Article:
Yet as lively and fruitful as those events can be, it takes a lot of work put one on. Johnston and Williams will be the first to tell you that, and also to own up to sort of loving it—building systems, charting out workflow, budgeting time and money. After throwing the dinners and before officially opening the Women’s Center, Johnston and Williams underwent an entire year of research, which they took to calling the Year Long Laboratory (“I really like naming things,” notes Johnston). They divided that year into quarters, which they used to investigate, respectively, “histories, economies, communities, and space.”
At the end of their “space” quarter, they received a grant from SPart, which they used for a down payment on the space that the center still occupies. Now the organization is funded by combination of membership fees, foundation grants, individual giving and a smattering of other small proceeds, all of which you can see laid out in a pie chart in A Feminist Organization’s Handbook. A series of infographics also within the publication’s pages show their system for running the fall benefit and the timeline for the membership drive. Their internal operations are depicted by a diagram of concentric circles.
And in the back of the book is a flow chart that shows the board of advisors, and the various managers, directors, and coordinators. The Women’s Center’s operations are non-hierarchical, which in theory means the center operates on a system of shared production, and values horizontalism over top-down leadership. In practice, that takes a shit ton of logistical know-how; it’s much easier to have one person calling the shots than to collectively make sure everyone has an equal voice, and to put into place a system that values and maintains that communalism. The Women’s Center has arrived at a successful model over years of tweaking and iterating, and paying incredibly close attention to their own shared processes and systems.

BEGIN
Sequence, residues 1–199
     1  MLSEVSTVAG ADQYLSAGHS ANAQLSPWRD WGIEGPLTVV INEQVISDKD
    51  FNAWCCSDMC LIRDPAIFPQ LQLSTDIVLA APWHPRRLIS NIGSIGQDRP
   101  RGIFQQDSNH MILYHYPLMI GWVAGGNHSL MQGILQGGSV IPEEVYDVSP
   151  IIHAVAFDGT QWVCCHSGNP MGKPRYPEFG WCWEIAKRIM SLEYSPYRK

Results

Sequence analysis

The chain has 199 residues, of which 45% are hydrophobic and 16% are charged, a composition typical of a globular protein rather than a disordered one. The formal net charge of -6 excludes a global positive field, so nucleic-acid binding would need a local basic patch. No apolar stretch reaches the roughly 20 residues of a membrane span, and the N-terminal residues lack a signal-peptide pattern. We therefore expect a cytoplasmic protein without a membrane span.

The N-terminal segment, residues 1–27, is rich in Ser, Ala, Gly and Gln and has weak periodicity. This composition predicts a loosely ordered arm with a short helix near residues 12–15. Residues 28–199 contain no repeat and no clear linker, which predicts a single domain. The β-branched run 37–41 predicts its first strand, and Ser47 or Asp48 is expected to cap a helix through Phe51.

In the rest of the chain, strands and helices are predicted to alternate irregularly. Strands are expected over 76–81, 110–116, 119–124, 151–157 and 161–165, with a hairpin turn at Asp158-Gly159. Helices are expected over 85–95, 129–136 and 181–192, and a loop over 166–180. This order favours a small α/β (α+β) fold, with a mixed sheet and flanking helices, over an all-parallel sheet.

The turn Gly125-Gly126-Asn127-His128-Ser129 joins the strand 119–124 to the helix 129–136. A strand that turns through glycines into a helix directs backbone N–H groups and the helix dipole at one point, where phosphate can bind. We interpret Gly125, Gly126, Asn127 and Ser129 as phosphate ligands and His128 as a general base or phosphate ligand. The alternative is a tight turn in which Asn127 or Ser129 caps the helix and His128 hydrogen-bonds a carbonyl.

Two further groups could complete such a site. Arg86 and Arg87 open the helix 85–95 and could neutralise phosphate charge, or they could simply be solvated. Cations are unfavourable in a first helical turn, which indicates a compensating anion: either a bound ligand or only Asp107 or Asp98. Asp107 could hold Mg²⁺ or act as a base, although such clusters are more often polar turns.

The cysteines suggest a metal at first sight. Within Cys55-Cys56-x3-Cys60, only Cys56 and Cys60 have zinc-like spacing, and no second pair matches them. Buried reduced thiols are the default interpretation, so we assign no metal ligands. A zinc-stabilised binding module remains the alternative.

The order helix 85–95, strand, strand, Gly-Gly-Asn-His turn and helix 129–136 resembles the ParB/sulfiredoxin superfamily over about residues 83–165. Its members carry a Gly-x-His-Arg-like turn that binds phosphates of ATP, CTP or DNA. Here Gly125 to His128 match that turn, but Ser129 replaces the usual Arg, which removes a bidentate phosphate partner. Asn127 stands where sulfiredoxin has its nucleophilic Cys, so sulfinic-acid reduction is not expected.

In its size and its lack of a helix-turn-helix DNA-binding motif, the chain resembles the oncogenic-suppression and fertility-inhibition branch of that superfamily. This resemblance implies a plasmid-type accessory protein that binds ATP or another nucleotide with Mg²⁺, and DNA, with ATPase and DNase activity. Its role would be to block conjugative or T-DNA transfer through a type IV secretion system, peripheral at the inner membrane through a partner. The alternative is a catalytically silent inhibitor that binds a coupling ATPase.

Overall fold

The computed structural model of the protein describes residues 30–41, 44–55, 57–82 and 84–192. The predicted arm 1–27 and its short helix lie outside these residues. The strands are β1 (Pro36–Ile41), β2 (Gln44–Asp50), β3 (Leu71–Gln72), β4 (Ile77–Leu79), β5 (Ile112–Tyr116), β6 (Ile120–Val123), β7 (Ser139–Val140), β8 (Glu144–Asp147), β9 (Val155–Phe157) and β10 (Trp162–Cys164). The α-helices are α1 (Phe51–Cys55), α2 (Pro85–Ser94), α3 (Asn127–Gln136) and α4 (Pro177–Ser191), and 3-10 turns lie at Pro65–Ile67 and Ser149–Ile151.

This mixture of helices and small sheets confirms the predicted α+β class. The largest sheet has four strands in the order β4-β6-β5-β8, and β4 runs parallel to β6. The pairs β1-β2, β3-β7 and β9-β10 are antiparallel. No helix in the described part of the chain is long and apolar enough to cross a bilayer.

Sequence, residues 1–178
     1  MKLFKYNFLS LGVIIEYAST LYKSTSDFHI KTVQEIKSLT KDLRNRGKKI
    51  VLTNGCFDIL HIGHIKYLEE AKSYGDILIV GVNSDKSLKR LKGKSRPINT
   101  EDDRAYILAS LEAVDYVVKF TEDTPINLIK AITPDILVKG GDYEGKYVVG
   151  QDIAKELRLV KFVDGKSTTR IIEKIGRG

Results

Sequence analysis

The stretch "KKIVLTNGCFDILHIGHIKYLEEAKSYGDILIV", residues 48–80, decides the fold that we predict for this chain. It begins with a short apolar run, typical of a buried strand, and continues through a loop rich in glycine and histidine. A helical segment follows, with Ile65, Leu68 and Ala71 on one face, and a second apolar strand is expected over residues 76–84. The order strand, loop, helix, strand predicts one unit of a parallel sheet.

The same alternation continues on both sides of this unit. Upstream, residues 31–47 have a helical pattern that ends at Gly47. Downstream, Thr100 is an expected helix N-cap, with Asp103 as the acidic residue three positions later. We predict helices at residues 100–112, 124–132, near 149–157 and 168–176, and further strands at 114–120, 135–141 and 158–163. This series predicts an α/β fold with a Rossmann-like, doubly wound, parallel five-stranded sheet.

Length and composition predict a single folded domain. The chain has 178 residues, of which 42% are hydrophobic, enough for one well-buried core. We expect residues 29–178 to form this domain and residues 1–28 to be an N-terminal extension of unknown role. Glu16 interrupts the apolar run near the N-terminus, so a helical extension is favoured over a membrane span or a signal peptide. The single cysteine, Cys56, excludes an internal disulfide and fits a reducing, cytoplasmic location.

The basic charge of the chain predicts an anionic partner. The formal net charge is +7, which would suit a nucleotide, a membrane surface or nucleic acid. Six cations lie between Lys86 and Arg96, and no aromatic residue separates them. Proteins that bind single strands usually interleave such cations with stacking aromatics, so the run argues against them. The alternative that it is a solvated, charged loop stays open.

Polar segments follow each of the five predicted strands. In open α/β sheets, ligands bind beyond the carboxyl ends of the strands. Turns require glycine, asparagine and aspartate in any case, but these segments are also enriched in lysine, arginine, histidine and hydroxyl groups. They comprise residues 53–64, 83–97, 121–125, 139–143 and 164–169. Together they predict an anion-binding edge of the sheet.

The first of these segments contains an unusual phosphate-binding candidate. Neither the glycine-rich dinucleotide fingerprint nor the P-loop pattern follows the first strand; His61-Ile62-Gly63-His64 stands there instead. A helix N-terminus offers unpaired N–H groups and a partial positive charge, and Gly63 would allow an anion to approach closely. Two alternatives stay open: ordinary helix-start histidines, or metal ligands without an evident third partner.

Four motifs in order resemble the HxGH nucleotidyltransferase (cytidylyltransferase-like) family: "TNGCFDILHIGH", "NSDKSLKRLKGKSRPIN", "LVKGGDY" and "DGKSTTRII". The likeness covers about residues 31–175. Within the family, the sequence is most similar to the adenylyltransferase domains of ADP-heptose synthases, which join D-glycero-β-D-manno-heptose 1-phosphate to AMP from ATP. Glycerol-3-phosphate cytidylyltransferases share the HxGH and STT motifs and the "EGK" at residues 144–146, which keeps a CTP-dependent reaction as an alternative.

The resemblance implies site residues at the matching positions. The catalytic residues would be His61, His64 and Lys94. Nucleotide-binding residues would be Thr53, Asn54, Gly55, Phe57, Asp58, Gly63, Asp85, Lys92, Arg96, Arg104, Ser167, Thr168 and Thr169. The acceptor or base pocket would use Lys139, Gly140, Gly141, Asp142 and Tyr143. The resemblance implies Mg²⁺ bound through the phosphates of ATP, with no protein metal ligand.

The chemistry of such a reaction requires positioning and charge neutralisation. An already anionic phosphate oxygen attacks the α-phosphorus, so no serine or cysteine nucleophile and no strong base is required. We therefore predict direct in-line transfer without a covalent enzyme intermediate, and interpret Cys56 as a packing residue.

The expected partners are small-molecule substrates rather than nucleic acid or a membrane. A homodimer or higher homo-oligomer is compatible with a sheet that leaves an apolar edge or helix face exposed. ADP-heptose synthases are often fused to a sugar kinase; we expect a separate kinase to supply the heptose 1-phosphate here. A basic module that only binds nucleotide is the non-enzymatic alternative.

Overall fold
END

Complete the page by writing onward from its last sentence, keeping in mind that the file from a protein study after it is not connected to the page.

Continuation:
As a graphic designer, Johnston has put a lot of time into making these systems and efforts visible—and the handbook gives others access to what they’ve learned so far.
Johnston points out that although the center is a haven for feminist art, she and Williams are not fine artists themselves. Their success comes from being able to think systematically. “In her previous experience in art administration, [Sarah] has a deft of experience stacking chairs and buying beer for openings and knowing all of these little invisible things that go into creating something,” she says. “And also of course design is the same way. Behind a great looking website is hours of process and iteration and back and forth and trying to find the right solutions.
“I think we both have backgrounds in these fields of invisible labor.” The handbook is their attempt to make that labor not only visible, but also valued.